This summer: read a book!
Just as people use tools to shape the world, the tools we use shape us. Use your hands, and you'll get calluses. Spend a summer swinging a sledge hammer, and it will shape your physique. This rule applies to intellectual tools as well. Our brains are shaped by the media we use. That's the message of the bestselling book The Shallows: What the Internet is Doing to Our Brains. Read this book, and you'll realize how important it is to read others.
Author Nicholas Carr draws on a wide range of research to demonstrate that extended exposure to online media robs us of our power to concentrate, comprehend and recall. He explains that the Internet "delivers precisely the kind of sensory and cognitive stimuli--- repetitive, intensive, interactive, addictive--- that have been shown to result in strong and rapid alterations in brain circuits and functions."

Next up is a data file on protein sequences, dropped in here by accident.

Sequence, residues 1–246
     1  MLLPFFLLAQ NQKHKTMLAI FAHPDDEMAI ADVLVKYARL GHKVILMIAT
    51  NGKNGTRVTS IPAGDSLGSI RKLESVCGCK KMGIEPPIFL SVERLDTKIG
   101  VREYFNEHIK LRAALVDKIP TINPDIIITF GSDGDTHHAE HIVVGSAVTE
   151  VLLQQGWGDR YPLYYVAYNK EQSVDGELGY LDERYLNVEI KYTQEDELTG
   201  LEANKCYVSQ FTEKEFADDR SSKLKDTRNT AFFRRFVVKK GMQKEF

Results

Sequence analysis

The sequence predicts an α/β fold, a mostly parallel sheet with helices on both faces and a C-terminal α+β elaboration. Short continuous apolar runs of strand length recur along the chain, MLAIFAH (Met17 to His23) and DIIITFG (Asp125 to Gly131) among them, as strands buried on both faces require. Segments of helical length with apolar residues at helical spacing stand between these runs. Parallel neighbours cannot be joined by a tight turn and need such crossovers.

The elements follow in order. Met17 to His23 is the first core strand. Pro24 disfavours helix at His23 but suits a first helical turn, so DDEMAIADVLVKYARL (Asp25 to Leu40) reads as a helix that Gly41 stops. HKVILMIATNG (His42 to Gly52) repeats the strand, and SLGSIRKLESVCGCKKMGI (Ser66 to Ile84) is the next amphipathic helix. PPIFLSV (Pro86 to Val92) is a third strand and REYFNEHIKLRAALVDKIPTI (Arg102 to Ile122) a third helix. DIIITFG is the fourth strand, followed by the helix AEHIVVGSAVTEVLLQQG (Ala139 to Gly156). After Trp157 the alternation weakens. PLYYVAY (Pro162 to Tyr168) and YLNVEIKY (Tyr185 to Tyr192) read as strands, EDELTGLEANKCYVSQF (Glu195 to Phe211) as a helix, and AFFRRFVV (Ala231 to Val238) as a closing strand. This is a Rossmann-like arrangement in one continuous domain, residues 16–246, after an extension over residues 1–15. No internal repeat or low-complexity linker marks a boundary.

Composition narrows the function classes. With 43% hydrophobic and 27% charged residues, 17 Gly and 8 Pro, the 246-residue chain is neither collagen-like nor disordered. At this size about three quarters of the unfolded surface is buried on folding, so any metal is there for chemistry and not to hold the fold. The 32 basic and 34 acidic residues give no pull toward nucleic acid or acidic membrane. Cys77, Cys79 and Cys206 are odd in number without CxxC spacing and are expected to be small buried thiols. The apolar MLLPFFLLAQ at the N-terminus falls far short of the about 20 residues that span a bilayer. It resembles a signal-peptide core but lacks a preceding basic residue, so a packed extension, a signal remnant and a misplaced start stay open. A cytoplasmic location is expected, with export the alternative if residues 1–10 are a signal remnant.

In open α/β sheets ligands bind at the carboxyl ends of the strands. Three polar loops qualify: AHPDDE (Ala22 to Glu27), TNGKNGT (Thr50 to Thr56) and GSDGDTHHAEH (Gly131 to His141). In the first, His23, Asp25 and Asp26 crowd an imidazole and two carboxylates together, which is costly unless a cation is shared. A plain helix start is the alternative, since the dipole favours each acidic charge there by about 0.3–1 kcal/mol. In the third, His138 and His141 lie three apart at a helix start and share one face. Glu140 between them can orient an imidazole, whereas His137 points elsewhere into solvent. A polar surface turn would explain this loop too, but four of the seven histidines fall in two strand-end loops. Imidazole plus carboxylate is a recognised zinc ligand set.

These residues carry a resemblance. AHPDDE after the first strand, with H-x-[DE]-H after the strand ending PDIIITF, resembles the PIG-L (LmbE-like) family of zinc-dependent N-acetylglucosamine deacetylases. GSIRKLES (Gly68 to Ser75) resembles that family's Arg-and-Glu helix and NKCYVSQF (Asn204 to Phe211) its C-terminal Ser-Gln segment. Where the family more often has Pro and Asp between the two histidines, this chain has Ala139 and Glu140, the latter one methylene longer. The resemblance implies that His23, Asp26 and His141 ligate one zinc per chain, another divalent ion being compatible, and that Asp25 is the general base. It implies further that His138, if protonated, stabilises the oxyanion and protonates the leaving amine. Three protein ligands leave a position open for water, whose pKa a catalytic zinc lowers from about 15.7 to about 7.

The Internet is one big distraction machine. When you're looking at something online, it's almost always surrounded by other things you could be looking at, all just a click away. Even online text is packed with links to other material, and convincing evidence suggests that as the number of links goes up, comprehension and recall plummet.
It's not all bad. Time spent online can build skills in decoding, task-switching, decision-making and problem-solving. But if you're not also reading print, you wind up sacrificing the ability to focus, and to think and understand deeply. The person who lets screen culture completely displace print culture is like a bodybuilder who works his arms, but lets his legs atrophy.
The solution? Make sure to balance your screen time with print time. This summer, go to your local library and pick a book to read just for fun. Find time to step away from the constant buzz of our always-connected world and enjoy the deep pleasure of getting lost in a good book. Your brain will thank you.
Communication Department Chair